Once upon a time, collaborating on a paper meant meeting a colleague face-to-face and comparing research notes. This often meant traveling some distance, usually to a conference, to bring the collaboration to fruition. Now, you never have to meet your collaborator in person. With video chat options like Skype and FaceTime, the only condition for […]
Once upon a time, collaborating on a paper meant meeting a colleague face-to-face and comparing research notes. This often meant traveling some distance, usually to a conference, to bring the collaboration to fruition. Now, you never have to meet your collaborator in person. With video chat options like Skype and FaceTime, the only condition for “meeting” someone is a reliable Internet connection.
The interdisciplinary nature of science and chemistry in particular encourage collaboration—and sometimes practically mandate it. “The moment the solution to a problem has societal relevance, it is no longer acceptable to restrict the tools used to find the answer to a single field,” says Kai Rossen, Editor-in-Chief of Organic Process Research & Development.
One of the clearest signs of this trend is in the increase in the number of coauthors on papers. Papers with large numbers of coauthors are increasingly common, with the number of papers sporting more than 50 coauthors increasing from about 200 a year in 1990 to about 1,400 in 2014. A paper on the Higgs boson may well hold the gold medal for most collaborators, with more than 5,000 participants. But with increased collaboration becoming the new normal that record may not stand for long.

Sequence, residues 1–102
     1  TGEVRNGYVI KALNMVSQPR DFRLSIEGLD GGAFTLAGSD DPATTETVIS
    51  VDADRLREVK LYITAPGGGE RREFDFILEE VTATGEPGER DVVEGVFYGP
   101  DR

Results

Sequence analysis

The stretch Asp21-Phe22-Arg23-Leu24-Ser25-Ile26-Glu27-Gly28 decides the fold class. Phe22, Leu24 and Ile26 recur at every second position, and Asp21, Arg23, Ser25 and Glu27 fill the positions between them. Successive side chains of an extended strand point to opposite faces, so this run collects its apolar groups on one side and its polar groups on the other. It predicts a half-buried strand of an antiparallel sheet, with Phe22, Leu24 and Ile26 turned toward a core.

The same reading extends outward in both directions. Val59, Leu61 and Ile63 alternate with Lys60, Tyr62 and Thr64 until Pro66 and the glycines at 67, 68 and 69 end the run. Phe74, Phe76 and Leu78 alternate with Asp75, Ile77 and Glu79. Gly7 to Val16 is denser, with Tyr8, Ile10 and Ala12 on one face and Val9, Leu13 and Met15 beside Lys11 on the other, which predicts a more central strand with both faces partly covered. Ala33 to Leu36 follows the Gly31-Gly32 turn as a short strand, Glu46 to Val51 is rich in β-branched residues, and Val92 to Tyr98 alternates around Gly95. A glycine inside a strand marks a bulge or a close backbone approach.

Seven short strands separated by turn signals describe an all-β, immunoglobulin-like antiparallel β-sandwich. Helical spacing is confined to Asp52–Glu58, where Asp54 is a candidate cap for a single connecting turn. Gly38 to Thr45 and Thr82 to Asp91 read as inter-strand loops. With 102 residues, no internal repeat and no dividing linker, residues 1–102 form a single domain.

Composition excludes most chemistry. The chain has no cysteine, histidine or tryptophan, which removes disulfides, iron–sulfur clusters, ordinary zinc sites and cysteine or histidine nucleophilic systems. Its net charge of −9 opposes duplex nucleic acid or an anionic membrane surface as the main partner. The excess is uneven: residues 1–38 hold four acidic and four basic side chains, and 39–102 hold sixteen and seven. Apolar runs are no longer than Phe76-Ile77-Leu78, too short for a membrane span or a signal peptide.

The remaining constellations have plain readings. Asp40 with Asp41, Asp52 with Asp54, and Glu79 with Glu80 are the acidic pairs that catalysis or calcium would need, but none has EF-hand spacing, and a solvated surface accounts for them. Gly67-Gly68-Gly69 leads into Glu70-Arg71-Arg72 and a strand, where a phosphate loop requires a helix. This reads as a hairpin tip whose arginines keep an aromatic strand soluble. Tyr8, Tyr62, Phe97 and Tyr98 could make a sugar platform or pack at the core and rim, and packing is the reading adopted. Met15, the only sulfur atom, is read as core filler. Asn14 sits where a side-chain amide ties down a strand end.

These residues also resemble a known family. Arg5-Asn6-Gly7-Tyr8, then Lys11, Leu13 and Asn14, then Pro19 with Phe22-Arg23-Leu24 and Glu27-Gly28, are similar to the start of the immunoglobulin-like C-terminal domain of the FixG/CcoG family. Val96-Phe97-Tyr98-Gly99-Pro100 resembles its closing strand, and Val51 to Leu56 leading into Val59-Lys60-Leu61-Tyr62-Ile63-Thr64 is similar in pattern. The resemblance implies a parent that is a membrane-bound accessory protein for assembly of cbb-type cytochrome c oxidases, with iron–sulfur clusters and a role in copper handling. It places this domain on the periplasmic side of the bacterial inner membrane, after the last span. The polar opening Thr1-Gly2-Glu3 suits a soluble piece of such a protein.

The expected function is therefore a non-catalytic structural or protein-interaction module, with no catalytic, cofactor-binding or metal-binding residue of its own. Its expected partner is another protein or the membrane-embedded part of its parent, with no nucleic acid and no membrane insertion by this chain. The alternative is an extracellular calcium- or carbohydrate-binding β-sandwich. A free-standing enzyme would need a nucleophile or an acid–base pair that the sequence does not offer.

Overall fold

These papers are fantastic contributions to the scholarly record and could not have been achieved without contributions from throughout the global scientific community. Collaboration isn’t just about efficiency. It’s also about bringing a wide variety of expertise to bear on a problem, making it possible to discover solutions no one could have envisioned before. “Expanding classical organic chemistry tools with chemical engineering is highly enabling—and thus beneficial—as it will result in better solutions that will benefit society,” Rosen adds.
Funding concerns are also a reason for collaboration. Research funding is competitive. More participants can mean a diversity of funds and a greater likelihood that the research will be completed. In ACS Publications journals, the average paper has funding from two sources. This pooling of resources provides better value to funders and prevents duplication of effort. This is especially important in countries where researchers receive government funding. Being able to show efficiency in the research process helps justify the public expense.
The opportunities for collaboration don’t stop with publication. Scholarly communication networks help researchers share and discuss their work with others. Companies such as Kudos help authors share their work’s implications in simple terms with the general public and media, while FigShare helps authors share their supporting information freely, including datasets that can help avoid duplicating work.
Despite its benefits, collaboration can present new challenges to authors. Scientists may need a wider base of knowledge to be able to work effectively with peers in other disciplines. They may face ethical issues surrounding who gets to take credit for discoveries or blame for errors. If your paper has hundreds or even thousands of coauthors, how will you decide what order to credit them in?
About 35% of all research published in 2010 was the result of international collaboration. This means research will have to contend with logistical challenges as well. You might no longer have to get on an airplane to meet your co-author, but you may have to have a difficult talk about who needs to get on Skype for a 6 a.m. meeting to compensate for different time zones. Scientists will have to develop new skills, tools and work habits to get the most from these collaboration opportunities.